The scene where the puppies suckle from some friendly cows attracted a lot of criticism at the time of release as it was deemed to be inappropriate for a children's film.
The company was in debt following the flop of Sleeping Beauty and desperately needed a hit. There was even talk of closing down the animation division as the company was refocusing on live action films, television and theme parks.
Someone counted all black spots in the movie, frame-by-frame, and reached the total of 6,469,952. This breaks down to 72 spots on Pongo, 68 on Perdita and 32 on each pup.
Clarence NashClarence Nash (best known as the voice of Donald Duck) did the dog barks for this film.
When Walt DisneyWalt Disney read Dodie SmithDodie Smith's story in 1956, he immediately snapped up the film rights. Smith had always secretly hoped that Disney would do just that.
The birth of the puppies actually happened to the author Dodie SmithDodie Smith. Her dalmatians had 15 puppies, one was born lifeless and her husband revived it. However, they sold most of them, and kept only a small number.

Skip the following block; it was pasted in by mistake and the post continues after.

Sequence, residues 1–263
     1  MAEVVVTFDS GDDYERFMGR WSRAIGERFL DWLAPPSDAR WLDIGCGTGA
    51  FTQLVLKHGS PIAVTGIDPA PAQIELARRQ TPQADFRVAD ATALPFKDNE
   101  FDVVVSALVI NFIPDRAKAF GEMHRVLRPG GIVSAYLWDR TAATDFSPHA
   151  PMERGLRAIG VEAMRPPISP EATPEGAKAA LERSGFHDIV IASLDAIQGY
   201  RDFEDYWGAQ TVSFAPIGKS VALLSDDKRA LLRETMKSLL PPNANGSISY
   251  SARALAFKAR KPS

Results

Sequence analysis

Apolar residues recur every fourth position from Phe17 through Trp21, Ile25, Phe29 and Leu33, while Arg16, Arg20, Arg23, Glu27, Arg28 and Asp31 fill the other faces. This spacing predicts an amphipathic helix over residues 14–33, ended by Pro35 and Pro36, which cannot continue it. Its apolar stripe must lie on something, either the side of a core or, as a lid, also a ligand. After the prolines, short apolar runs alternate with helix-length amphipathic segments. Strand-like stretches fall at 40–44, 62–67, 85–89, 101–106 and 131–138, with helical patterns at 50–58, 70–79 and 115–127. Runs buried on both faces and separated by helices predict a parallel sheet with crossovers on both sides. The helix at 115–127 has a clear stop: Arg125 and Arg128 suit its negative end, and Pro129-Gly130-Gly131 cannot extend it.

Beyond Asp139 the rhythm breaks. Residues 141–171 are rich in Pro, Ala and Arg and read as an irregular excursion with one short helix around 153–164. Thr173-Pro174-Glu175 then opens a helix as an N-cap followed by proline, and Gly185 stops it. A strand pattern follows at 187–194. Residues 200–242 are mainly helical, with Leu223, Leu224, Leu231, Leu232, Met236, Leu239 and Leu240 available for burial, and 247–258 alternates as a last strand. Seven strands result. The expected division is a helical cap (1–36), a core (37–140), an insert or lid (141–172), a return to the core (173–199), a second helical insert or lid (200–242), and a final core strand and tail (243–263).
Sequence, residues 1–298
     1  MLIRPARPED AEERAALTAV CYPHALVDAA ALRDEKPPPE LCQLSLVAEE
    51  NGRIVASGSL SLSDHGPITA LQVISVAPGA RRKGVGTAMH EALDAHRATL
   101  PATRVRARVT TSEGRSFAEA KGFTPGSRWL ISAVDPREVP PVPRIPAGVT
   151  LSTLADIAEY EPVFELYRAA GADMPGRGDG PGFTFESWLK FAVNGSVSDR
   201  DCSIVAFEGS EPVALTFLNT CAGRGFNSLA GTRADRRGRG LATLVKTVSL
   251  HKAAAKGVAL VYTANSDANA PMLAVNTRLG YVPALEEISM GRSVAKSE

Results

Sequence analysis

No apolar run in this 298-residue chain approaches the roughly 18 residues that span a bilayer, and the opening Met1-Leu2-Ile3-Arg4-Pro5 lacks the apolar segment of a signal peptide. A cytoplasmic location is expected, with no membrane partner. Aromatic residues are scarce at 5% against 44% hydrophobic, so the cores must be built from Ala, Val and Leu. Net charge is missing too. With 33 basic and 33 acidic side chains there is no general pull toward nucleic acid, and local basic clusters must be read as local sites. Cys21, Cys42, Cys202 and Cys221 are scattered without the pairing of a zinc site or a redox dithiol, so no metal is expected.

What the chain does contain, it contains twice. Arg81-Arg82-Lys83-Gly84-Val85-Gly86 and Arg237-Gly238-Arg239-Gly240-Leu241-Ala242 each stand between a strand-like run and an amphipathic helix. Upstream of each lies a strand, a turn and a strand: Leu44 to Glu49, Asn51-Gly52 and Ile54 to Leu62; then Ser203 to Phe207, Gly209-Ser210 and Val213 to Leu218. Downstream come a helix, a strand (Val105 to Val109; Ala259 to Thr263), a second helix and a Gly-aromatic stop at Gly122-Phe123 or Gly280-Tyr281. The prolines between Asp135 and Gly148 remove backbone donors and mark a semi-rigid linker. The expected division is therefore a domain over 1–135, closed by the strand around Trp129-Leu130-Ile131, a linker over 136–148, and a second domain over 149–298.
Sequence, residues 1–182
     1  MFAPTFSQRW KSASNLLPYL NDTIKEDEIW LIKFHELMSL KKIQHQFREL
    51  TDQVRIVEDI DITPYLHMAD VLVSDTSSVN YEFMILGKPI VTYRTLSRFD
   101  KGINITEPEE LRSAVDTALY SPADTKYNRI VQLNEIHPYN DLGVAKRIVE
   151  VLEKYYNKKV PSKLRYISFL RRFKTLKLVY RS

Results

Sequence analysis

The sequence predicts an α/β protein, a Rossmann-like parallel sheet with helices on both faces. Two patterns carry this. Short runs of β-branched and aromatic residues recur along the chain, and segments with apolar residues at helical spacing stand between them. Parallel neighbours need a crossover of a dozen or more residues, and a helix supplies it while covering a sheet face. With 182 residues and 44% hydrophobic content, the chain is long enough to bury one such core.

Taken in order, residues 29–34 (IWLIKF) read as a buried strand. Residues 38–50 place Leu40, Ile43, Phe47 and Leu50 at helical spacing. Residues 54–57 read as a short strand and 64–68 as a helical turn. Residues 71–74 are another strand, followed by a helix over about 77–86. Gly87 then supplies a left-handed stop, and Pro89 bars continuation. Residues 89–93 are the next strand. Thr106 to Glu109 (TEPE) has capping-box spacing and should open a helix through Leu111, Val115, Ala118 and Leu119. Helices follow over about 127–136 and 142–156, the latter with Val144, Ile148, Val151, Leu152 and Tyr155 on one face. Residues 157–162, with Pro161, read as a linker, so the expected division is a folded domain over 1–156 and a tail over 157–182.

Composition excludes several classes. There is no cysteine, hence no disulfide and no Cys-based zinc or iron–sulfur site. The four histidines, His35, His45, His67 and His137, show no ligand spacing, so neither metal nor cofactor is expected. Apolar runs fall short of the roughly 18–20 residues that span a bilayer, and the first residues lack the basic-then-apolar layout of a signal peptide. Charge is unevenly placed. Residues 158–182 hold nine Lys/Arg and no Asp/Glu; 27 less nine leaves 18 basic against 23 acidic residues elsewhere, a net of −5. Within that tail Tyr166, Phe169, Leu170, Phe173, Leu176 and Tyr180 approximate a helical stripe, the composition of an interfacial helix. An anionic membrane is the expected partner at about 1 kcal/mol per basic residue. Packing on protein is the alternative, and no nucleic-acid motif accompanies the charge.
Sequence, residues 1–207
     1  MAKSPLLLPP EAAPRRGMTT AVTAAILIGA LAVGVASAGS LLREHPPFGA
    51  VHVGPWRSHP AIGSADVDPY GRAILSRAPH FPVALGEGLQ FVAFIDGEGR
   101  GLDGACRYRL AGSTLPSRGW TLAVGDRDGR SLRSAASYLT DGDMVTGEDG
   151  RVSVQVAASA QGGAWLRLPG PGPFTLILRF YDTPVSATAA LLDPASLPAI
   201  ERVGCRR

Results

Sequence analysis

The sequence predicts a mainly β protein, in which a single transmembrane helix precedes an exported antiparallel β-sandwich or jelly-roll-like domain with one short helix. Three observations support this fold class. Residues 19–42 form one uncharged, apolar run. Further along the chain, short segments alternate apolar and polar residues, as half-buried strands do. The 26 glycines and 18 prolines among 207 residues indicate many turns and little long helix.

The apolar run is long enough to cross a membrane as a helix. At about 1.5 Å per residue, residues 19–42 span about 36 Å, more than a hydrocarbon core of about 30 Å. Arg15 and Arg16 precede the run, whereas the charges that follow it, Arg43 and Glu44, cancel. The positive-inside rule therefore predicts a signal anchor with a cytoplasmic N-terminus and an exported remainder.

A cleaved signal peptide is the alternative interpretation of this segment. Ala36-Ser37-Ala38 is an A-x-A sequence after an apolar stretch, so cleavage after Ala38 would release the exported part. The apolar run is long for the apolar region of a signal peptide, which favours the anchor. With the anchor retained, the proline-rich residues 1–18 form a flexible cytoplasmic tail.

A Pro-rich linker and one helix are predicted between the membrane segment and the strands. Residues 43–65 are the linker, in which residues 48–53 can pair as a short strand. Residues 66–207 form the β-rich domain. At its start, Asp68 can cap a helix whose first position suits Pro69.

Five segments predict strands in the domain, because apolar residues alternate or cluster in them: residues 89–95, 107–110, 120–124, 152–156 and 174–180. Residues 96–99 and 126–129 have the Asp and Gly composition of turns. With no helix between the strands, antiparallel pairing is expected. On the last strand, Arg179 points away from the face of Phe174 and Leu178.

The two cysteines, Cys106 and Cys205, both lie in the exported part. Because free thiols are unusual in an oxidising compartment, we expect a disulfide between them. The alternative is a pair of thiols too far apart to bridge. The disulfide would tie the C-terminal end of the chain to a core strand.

The author, Dodie SmithDodie Smith, noted that her favorite cel in the movie, was the one where Pongo stretches while lying on a window sill near the beginning.
Walt DisneyWalt Disney disliked the rough drawing style brought about by the Xerography process.
Due to the commercial failure of Sleeping Beauty, production costs needed to be cut. As a result, this was the first Disney feature film to use photocopying technology (Xerography), which made an animated film with this much visual complexity possible. It also set the visual style of Disney animation (a scratchy, hard outline look) for years until the technology advanced enough (with the production of The Rescuers) to allow a softer look.
To cut costs, the studio was forced to reduce its staff of inkers from 500 to less than 100.
Walt DisneyWalt Disney was said to have been so disappointed in the layout work done by Ken AndersonKen Anderson on the film that he did not forgive him until the end of his life.